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Chapter image Chapter 1: Introduction

YouTubeYouTube links

Evidence-based teaching – An overview. (6.51 UK)

An overview of evidence-based teaching that covers meta-studies, referring to books by Hattie, Marzano and Petty. Ten of the top teaching methods as identified by the research are summarized.


Treatments for autism: Overview of model programs, Fred Volkmar. (41.50 US)

Professor Fred Volkmar covers an overview of model programmes for the treatment of autism. He reviews the history of intervention programmes, possible outcomes that come with intervention, and covers challenges, new issues, strategies and resources that are presented when undertaking an intervention programme.


Evidence-based education – What is teaching in the 21st century? (58.47 UK)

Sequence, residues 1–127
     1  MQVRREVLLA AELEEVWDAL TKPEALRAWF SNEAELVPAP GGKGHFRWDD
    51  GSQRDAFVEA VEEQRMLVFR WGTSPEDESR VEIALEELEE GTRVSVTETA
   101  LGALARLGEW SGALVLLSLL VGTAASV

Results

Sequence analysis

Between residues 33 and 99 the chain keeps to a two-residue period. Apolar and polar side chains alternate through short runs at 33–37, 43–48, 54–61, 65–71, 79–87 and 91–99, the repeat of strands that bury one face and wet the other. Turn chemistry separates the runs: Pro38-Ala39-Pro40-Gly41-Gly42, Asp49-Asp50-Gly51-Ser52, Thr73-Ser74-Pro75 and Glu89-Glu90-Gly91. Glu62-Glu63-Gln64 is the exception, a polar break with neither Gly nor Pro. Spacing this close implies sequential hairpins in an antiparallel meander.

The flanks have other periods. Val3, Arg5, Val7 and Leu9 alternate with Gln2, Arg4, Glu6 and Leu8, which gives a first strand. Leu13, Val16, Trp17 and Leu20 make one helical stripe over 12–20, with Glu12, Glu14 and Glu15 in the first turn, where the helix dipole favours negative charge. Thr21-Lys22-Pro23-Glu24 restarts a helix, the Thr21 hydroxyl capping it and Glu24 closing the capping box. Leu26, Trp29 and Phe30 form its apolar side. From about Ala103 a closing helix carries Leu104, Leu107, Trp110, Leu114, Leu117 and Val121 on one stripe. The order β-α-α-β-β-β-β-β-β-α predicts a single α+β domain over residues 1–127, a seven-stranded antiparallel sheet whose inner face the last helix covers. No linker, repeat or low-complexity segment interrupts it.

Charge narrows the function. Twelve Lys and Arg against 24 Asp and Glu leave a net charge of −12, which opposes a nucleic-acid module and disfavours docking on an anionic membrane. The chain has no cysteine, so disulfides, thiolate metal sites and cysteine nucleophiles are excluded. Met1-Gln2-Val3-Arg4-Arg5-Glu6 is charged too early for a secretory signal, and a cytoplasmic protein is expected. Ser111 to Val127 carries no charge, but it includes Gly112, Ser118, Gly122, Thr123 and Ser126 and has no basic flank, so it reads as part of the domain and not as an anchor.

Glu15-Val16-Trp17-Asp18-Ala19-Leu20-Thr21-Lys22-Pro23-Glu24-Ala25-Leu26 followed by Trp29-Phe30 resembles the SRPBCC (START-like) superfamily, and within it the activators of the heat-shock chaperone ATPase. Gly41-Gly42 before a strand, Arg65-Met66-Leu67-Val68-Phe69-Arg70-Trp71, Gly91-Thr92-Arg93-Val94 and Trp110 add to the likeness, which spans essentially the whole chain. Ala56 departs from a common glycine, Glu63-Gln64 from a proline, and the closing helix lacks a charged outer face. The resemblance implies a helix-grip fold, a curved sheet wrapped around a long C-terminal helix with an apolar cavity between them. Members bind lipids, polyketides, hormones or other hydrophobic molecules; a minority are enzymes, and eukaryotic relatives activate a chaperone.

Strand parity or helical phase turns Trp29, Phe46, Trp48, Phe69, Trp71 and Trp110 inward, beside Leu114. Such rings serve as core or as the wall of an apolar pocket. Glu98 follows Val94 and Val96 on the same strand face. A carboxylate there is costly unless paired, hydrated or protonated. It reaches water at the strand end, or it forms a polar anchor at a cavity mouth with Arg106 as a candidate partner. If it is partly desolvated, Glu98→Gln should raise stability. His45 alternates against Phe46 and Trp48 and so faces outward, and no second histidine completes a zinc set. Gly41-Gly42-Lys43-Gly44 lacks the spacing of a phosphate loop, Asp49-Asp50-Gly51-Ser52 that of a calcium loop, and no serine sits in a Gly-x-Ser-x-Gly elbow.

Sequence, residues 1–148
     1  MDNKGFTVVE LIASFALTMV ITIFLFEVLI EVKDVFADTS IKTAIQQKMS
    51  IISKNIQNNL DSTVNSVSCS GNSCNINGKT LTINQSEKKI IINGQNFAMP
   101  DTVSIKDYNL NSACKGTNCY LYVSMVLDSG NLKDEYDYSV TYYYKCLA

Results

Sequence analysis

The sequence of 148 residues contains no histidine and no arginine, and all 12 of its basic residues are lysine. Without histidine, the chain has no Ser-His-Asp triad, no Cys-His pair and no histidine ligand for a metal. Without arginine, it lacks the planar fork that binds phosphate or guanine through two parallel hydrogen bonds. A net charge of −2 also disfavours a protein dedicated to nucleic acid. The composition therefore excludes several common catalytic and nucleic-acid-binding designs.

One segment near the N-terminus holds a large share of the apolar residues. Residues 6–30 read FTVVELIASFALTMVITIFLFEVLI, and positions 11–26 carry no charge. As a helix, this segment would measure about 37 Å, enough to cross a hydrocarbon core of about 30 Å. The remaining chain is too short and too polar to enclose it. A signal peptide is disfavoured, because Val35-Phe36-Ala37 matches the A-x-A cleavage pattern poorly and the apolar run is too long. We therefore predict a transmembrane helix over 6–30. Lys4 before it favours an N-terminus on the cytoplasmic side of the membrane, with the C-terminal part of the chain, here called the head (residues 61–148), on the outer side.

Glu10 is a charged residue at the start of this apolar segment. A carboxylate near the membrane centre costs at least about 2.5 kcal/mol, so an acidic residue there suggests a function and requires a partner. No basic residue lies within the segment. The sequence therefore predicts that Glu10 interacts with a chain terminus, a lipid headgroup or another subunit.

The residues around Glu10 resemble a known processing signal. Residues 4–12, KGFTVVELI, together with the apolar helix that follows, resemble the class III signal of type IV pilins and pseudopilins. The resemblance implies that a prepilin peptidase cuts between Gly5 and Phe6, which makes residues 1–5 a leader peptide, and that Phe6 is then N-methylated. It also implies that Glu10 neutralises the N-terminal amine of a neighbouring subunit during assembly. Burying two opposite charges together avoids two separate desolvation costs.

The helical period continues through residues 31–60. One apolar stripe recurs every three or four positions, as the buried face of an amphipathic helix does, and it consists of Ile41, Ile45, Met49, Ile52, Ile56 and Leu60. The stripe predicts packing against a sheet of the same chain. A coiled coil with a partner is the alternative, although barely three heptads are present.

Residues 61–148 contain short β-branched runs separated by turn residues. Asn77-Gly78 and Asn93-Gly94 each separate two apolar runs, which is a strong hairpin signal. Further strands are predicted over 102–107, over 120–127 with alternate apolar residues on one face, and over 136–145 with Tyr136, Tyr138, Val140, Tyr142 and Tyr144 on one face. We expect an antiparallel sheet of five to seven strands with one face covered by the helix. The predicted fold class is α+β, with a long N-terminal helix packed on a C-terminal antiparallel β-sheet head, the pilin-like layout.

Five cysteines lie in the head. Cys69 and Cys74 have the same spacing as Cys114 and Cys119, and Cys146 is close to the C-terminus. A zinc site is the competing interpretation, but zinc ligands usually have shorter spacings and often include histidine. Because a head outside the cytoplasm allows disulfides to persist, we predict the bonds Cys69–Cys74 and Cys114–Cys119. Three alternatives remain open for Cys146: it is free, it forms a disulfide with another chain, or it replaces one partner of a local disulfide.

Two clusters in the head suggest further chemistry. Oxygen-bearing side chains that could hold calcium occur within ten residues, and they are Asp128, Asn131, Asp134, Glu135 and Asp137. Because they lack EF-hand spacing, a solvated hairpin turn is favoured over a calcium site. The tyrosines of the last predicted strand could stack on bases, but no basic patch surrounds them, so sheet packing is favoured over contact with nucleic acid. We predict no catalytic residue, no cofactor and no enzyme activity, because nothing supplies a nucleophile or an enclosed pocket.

UK academics Kathryn Ecclestone, Tony Neal and Geoff Petty discuss evidence-based teaching.


Effect size calculation and basic meta-analysis, David Wilson, The Campbell Collaboration. (1.19.09 US)

A technical explanation of effect size and meta-analyses.


websitesWeb links

Best Evidence Encyclopedia.

The Best Evidence Encyclopedia is a website created by the Johns Hopkins University School of Education’s Center for Data-Driven Reform in Education. It is intended to give educators and researchers fair and useful information about the strength of the evidence supporting a variety of programmes available for students in grades K–12. It provides summaries of scientific reviews produced by many authors and organizations, as well as links to the full texts of each review.


What Works Clearinghouse.

This US clearinghouse reviews the research on the different programmes, products, practicesand policies in education. By focusing on the results from high-quality research, it tries to answer the question “What works in education?” Its goal is to provide educators with the information they need to make evidence-based decisions.


Fidelity of implementation: Selecting and implementing evidence-based practices and programmes.